Imatge de l'autor

Adin Steinsaltz (1937–2020)

Autor/a de The Essential Talmud

300 obres 5,354 Membres 37 Ressenyes 4 preferits

Sobre l'autor

Rabbi Adin Steinsaltz is the editor and translator of Random House's twenty-two-volume edition of the Talmud. He is also the author of many volumes on Jewish thought and practice and has been a resident scholar at both Yale University and the Institute for Advanced Study. In 1988 he was invited to mostra'n més open a Judaic studies center in Moscow, the first such institution in the former Soviet Union in sixty years. Rabbi Steinsaltz lives in Israel. (Bowker Author Biography) mostra'n menys
Crèdit de la imatge: WIkipedia


Obres de Adin Steinsaltz

The Essential Talmud (1976) 891 exemplars
A Guide to Jewish Prayer (2000) 216 exemplars
Biblical Images (1984) 101 exemplars
Opening the Tanya (2003) 74 exemplars
The Strife of the Spirit (1988) 67 exemplars
The Passover Haggadah (1980) 37 exemplars
My Rebbe (2014) 35 exemplars
Talmudic Images (1997) 31 exemplars
On Being Free (1995) 28 exemplars
A Dear Son to Me (2002) 17 exemplars
Talks on the Parasha (2011) 13 exemplars
Personnages du Talmud (1987) 11 exemplars
A Concise Guide to Halakha (2021) 10 exemplars
A Concise Guide to Torah (2021) 9 exemplars
A Concise Guide to the Sages (2021) 7 exemplars
The Woman of Valor (1993) 6 exemplars
The Soul (2018) 5 exemplars
נשים במקרא (1983) 5 exemplars
Cos'è il Talmùd (2004) 4 exemplars
הסידור והתפילה (1994) 4 exemplars
Masekhet Berakhot 2 exemplars
L'Anima ######### (2018) 2 exemplars
Téchouva (2008) 1 exemplars
Masekhet ʻEruvin 1 exemplars
Laisse mon Peuple savoir (2002) 1 exemplars
Masekhet Peʾah 1 exemplars
Masekhet Shabat 1 exemplars
תלמוד בבלי 1 exemplars
Masekhet Pesaḥim 1 exemplars
[Book of Esther] 1 exemplars


Coneixement comú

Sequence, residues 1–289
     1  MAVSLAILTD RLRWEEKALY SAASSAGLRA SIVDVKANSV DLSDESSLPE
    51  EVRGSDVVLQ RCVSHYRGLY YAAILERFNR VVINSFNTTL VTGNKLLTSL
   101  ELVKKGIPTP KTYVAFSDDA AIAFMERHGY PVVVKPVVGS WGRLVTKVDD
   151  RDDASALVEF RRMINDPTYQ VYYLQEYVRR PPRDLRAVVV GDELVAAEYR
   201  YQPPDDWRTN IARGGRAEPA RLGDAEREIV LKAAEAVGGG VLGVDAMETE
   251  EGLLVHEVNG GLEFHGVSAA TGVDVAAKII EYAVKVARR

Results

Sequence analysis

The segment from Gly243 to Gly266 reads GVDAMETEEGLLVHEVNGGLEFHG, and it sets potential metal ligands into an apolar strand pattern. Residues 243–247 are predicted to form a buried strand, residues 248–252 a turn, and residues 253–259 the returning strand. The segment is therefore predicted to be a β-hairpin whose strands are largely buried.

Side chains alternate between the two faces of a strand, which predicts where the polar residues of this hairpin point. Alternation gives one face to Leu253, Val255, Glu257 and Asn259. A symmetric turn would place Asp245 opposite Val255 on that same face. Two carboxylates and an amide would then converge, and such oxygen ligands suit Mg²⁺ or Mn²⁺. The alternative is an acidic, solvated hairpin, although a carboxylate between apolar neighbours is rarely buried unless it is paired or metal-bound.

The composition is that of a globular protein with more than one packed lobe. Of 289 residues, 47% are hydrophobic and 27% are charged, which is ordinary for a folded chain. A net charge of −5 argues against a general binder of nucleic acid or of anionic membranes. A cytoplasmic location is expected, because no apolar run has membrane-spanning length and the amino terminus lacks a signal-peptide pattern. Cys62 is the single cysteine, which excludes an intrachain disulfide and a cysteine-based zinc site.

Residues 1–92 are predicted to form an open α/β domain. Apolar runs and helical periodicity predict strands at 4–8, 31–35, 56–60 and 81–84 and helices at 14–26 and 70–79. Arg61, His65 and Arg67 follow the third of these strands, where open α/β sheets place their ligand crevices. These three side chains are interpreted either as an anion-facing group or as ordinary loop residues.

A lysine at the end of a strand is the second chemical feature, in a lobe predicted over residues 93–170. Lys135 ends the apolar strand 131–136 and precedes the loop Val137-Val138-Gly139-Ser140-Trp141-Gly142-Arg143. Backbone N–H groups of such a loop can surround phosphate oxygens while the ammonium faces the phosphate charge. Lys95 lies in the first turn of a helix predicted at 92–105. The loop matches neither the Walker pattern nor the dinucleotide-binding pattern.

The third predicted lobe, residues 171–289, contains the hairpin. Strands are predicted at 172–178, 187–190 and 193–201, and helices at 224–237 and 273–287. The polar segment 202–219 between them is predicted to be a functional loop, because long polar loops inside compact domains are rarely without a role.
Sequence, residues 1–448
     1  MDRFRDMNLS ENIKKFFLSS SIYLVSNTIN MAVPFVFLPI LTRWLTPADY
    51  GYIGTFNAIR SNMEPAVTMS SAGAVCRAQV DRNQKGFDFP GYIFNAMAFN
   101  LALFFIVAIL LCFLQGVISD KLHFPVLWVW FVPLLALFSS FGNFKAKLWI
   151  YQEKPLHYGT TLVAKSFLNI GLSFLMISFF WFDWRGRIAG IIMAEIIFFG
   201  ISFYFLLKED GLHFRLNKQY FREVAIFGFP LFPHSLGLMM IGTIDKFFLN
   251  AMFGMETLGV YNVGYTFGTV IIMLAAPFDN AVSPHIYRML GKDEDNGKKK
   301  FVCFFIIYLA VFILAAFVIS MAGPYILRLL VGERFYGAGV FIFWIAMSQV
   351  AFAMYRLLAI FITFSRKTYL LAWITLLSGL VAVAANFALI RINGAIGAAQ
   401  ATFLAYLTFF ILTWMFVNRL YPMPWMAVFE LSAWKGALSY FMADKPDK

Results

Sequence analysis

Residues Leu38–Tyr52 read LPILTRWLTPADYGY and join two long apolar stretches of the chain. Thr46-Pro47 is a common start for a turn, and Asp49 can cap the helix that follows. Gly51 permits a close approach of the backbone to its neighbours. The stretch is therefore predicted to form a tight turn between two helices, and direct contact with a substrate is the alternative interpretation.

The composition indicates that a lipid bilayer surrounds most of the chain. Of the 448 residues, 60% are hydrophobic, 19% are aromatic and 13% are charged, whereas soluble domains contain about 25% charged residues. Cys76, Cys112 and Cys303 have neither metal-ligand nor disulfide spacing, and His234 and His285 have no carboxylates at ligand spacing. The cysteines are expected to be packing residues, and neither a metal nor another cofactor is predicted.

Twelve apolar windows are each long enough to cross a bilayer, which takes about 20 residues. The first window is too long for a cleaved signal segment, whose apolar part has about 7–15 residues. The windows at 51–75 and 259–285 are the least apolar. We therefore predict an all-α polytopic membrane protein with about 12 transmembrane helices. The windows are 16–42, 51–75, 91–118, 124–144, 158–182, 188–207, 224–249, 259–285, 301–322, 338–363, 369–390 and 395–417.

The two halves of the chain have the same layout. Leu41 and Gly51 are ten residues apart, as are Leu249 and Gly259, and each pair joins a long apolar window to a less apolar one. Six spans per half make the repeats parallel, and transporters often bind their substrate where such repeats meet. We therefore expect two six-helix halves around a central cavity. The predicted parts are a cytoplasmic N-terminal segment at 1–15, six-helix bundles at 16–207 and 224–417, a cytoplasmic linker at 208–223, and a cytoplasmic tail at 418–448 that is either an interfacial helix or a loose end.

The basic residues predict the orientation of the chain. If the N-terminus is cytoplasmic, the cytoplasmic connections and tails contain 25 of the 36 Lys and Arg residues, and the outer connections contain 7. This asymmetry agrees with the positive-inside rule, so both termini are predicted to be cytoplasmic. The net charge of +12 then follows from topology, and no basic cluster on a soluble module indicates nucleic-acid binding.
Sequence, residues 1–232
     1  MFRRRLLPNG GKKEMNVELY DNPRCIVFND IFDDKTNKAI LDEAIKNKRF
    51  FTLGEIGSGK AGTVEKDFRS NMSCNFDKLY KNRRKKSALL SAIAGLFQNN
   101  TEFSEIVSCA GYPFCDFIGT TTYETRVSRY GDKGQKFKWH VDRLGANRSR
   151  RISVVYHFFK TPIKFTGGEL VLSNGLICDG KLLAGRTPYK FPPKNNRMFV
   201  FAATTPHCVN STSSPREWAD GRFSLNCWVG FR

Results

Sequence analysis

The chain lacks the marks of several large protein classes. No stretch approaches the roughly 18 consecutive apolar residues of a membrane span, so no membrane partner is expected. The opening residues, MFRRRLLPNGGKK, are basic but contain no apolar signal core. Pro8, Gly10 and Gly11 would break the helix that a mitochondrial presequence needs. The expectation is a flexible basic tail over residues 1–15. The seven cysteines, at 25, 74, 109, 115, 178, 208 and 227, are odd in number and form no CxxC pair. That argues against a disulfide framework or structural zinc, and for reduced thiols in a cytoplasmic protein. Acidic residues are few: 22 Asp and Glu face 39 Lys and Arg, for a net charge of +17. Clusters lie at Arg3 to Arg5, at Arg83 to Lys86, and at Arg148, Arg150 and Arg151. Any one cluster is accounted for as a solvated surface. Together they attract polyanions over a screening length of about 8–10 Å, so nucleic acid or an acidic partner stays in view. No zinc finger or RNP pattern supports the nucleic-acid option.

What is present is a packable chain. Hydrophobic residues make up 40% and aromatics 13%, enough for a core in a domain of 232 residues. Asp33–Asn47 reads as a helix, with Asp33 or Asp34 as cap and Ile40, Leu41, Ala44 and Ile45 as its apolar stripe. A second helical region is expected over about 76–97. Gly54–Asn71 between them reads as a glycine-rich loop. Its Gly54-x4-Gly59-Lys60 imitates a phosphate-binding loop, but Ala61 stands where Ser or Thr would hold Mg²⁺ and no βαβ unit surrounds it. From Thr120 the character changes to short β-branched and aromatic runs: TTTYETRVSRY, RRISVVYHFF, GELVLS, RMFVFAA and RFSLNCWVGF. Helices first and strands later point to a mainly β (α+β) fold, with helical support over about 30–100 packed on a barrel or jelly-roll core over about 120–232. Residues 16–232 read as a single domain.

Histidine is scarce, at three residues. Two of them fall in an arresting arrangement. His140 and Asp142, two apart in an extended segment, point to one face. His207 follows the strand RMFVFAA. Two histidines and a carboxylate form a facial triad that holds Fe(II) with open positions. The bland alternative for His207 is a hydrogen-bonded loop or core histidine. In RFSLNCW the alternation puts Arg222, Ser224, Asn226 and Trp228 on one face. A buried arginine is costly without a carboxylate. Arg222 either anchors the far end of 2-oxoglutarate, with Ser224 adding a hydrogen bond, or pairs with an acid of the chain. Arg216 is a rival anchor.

The Noé Edition Koren Talmud Bavli - Medium Size (B&W) Complete Set, 1-42
PaideiaLibrary | Feb 27, 2024 |
Detailed explanation of what the Talmud is and a summary of its teachings. Reading this, one can see why there are so many Jewish scholars, scientists, virtuoso musicians, and so on. All of those things take a lot of intense study, and the study of the Talmud is perhaps the exemplar of such study. After all, it is not just a commentary itself, but there are commentaries on the commentaries (and probably commentaries on the commentaries on the commentaries!) Now, you can also say that arguing for centuries over things that seem so inconsequential is also a great waste of time. And of course, given that the underlying text--the Torah, i.e., the first 5 books of the Jewish Bible--are full of stories about less than honorable people--and I don't just mean NON-Jews--I can also ask, "What's the point? How can anyone believe in any of this?" But, if I were Jewish, the opportunity to spend my life, supported by the state, endlessly re-reading and trying to find new interpretations of the Talmud, would not be an unattractive prospect. But, this book is well organized, clearly written, and though a bit dense at times, actually enjoyable. Well done job of making a bit of a mystery--for a non-Jew in any case--a bit clearer.… (més)
datrappert | Hi ha 6 ressenyes més | Oct 3, 2023 |
I'm not going to give stars to the talmud, because that would be weird. What I will say is that I switched to the Koren Noe edition for Daf Yomi about a dozen dapim in and I'm glad I did -- the commentary provides a lot of necessary context. R'Steinsaltz' (z''l) translations are thoughtful and extremely helpful. I did read this primarily in the aramaic, and although my language skills mostly held up the original text is elliptic and full of unclear allusions, and I was very grateful for the side-by-side translation.… (més)
settingshadow | Hi ha 1 ressenya més | Aug 19, 2023 |
As the pandemic picked up, I switched over to almost entirely English reading for daf yomi, and the Noe edition held up to this as well. Rarely did I feel like I was missing something crucial (for wordplay and mnemonic devices the shoreshim are including in the English translation as well.) I wish this volume had more information about the personalities -- the superscript P's don't continue on very much for Rabbis discussed in Berakhot and I would have found it helpful to continue to have annotations about who they were. (Aslo, Shabbat is a profoundly dense tractate, often very foreign to the modern reader...or perhaps it's just me who no longer treats jaundice by shaving donkeys, bloodletting them from their head and then anointing patients with the resulting blood. Good thing -- you have to really be careful doing that because if the blood gets in the patient’s eyes it blinds them. And also it's controversial whether you can do that on Shabbat)… (més)
settingshadow | Aug 19, 2023 |



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